Expanding Your Small Business: Commercial Leases

Most small businesses reach a point where they have to move out of the founder’s basement, garage, or dining room, and lease appropriate space, whether it be offices, a storefront, a warehouse, or manufacturing. A Lease is a significant financial investment. Be sure you understand your Lease, what your financial obligations are, and what will happen if you breach the Lease.

If you are starting a business, or expanding into a new area, make sure that you do not over-extend yourself. Try to negotiate a short-term lease, for instance, one or two years. This will allow you sufficient time to grow your business, but if for some reason you need to move or close down, this will limit your financial exposure. New ventures are uncertain. You can include an option to renew after the initial term. Indeed, a Landlord may be more likely to give you a shorter initial term if there is a viable option to renew. A Landlord frequently will require a personal guarantee for a new business, and if your business fails, you do not want to be personally obligated to pay the balance of the initial term for any longer than you have to.

Research the area. See how the property is maintained. Is the grass cut and the snow plowed? Are the exterior and public spaces well maintained? Are there five other pizzerias within a mile? Perhaps buying or starting a Pizzeria in that spot isn’t such a great idea. Is there sufficient traffic going past your front door? Maybe you can find a spot with synergy with another tenant. A liquor store might do well if there are a number of BYO restaurants nearby.

Research the property. There may be a tradeoff between securing a more desirable location and negotiating a shorter initial term, but make sure your customers can find you easily, get to your parking let easily, and that you have sufficient parking. If you are going to have disabled or handicapped patrons, make sure there is appropriate access. While it is less common, make sure there are no environmental issues that you might be obligated to remediate down the road. New Jersey law might make you obligated to clean up contaminated property if you are a tenant, even if you were not responsible for causing the problem in the first place.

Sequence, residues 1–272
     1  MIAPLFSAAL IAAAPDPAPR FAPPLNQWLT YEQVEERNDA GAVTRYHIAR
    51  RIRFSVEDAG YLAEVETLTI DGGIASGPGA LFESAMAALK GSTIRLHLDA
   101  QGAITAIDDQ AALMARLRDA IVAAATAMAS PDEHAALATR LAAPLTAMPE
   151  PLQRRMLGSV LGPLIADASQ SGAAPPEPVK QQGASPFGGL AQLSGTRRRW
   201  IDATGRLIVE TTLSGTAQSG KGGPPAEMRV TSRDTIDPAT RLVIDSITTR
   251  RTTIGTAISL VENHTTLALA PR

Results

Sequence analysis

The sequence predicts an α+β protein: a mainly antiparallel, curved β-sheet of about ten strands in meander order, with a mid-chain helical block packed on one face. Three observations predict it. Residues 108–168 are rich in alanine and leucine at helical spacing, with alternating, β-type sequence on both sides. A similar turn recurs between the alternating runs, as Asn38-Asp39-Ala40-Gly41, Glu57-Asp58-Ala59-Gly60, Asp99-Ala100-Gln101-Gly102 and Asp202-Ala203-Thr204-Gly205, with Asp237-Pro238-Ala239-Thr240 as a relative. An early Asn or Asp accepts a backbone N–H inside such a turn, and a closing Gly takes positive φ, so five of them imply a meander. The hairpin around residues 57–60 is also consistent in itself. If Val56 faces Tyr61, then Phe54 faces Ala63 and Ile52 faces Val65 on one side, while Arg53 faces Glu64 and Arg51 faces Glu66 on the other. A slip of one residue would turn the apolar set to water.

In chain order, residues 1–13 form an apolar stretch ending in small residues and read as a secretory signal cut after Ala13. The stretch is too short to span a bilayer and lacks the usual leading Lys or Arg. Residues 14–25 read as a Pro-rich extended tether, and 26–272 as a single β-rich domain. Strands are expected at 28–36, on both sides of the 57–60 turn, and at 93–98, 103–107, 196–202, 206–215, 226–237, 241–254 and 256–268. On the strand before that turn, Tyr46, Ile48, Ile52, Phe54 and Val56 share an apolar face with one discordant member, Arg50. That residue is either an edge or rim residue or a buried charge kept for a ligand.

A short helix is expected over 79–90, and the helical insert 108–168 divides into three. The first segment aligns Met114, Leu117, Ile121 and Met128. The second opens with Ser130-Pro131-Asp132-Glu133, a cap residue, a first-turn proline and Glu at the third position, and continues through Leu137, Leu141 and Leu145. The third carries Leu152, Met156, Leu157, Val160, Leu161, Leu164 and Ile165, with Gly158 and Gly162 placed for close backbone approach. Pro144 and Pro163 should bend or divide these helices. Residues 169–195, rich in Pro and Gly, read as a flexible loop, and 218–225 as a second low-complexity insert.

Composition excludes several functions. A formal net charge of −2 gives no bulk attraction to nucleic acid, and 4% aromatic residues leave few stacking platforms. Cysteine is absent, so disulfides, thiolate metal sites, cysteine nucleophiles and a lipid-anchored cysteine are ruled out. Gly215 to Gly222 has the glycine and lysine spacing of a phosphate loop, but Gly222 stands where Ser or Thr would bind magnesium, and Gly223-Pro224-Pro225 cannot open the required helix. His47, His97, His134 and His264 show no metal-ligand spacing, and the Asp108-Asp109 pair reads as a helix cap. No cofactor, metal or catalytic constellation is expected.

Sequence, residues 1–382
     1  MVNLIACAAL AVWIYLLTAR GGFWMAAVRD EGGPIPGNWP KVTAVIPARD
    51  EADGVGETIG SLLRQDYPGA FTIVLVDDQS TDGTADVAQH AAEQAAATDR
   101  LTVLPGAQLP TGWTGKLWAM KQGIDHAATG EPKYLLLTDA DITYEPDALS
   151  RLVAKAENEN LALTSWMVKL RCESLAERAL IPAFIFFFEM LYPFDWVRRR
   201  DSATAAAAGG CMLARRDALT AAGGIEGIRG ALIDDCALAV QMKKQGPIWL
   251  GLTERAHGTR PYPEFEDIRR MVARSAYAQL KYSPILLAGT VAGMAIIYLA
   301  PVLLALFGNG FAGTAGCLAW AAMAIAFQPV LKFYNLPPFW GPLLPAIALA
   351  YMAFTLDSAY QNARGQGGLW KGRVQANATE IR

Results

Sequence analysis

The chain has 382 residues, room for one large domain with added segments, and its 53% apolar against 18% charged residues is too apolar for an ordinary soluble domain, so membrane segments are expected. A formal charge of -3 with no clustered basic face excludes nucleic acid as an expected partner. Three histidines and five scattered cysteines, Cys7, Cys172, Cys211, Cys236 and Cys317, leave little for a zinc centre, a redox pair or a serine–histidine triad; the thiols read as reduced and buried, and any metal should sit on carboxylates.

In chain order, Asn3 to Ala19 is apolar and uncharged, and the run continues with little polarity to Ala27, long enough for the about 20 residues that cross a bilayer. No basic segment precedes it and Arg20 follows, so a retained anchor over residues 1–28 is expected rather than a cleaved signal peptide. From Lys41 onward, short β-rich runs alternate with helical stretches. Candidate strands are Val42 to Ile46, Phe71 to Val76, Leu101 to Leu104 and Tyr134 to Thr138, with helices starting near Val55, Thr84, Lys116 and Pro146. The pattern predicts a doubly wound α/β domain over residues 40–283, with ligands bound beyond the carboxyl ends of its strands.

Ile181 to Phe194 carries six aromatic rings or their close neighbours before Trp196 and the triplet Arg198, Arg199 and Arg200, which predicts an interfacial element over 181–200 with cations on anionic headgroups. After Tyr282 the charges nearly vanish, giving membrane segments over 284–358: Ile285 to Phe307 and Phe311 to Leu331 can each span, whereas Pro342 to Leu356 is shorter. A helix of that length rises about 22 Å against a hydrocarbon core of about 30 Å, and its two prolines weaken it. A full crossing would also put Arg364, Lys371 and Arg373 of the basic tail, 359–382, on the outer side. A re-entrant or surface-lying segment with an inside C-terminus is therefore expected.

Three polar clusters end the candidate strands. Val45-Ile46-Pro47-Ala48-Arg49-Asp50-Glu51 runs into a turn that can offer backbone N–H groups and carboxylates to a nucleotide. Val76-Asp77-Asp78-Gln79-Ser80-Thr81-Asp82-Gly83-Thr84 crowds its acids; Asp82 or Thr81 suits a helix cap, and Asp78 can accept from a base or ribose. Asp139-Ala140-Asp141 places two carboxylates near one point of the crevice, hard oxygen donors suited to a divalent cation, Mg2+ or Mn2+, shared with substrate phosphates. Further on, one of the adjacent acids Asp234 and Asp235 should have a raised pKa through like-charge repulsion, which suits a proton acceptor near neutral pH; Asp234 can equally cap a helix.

Will you be required to maintain the property? Some Leases include provisions that the Landlord maintains the property and undertakes maintenance and repairs. Other Leases require the Tenant to assume those costs. Make sure you know the condition of the property before you agree to fix it! Perhaps you will need a walk-through or a property inspection.

Perhaps most important, CONSULT AN ATTORNEY TO REVIEW THE LEASE AGREEMENT! It is surprising how many businesses will enter into a long-term lease with little or no understanding of the terms of the Lease, or of the consequences of a default. We can help you understand the “small print” in the Lease, and can try to negotiate more favorable terms:

  • Will you have to sign a personal guarantee?
  • What is the “actual” rent?  Does the Lease charge a base rent plus “Common Area Maintenance” charges (CAM)? These charges include utilities, maintenance and janitorial services, pro-rata shares of property taxes, insurance, and other costs that can significantly affect the overall monthly rent.
  • Is there an exclusivity clause in the lease that prevents the landlord from leasing other spaces on the property to your competitors?  These provisions can have a significant impact on the health of your business.
  • Is there an option to sublet or assign the Lease to another person or entity?  These provisions may allow you to lease the space to another business, or to sell the business and have the purchaser assume the remainder of the Lease; and may provide you with an alternative to default should your business struggle.

Consider what will happen under the “worst-case” scenario. If you are unable to pay rent, what are the consequences? Will you remain personally responsible? Can you sell or assign the Lease? Will you remain obligated even after the business vacates the space? Will you have to pay attorney’s fees and costs? It is important to understand the default process as outlined in your lease.

The Professionals at Sapiro Gottlieb & Kroll are intimately familiar with negotiating commercial Leases. Pick our brain and utilize our expertise to ensure that you negotiate the most favorable terms possible, and enhance the viability of your new venture.

Written by Larry Kroll, Attorney At Law, March 2019